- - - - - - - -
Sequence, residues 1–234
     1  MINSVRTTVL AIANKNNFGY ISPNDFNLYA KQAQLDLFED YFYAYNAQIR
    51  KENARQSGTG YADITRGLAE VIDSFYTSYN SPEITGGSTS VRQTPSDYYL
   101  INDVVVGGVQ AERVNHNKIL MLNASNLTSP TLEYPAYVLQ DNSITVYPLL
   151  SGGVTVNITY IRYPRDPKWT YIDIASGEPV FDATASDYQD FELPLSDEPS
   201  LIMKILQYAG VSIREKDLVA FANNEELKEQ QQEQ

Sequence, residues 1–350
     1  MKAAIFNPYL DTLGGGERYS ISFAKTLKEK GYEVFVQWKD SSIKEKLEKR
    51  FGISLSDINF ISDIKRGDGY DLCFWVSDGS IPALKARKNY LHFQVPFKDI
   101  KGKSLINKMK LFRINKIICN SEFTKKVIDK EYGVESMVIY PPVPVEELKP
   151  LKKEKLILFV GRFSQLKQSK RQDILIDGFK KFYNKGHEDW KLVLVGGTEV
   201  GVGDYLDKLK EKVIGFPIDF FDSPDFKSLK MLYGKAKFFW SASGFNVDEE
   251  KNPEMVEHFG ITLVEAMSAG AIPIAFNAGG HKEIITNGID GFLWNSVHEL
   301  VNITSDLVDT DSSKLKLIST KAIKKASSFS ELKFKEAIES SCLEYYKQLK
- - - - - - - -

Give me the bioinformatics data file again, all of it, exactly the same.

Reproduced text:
Sequence, residues 1–234
     1  MINSVRTTVL AIANKNNFGY ISPNDFNLYA KQAQLDLFED YFYAYNAQIR
    51  KENARQSGTG YADITRGLAE VIDSFYTSYN SPEITGGSTS VRQTPSDYYL
   101  INDVVVGGVQ AERVNHNKIL MLNASNLTSP TLEYPAYVLQ DNSITVYPLL
   151  SGGVTVNITY IRYPRDPKWT YIDIASGEPV FDATASDYQD FELPLSDEPS
   201  LIMKILQYAG VSIREKDLVA FANNEELKEQ QQEQ

Sequence, residues 1–350
     1  MKAAIFNPYL DTLGGGERYS ISFAKTLKEK GYEVFVQWKD SSIKEKLEKR
    51  FGISLSDINF ISDIKRGDGY DLCFWVSDGS IPALKARKNY LHFQVPFKDI
   101  KGKSLINKMK LFRINKIICN SEFTKKVIDK EYGVESMVIY PPVPVEELKP
   151  LKKEKLILFV GRFSQLKQSK RQDILIDGFK KFYNKGHEDW KLVLVGGTEV
   201  GVGDYLDKLK EKVIGFPIDF FDSPDFKSLK MLYGKAKFFW SASGFNVDEE
   251  KNPEMVEHFG ITLVEAMSAG AIPIAFNAGG HKEIITNGID GFLWNSVHEL
   301  VNITSDLVDT DSSKLKLIST KAIKKASSFS ELKFKEAIES SCLEYYKQLK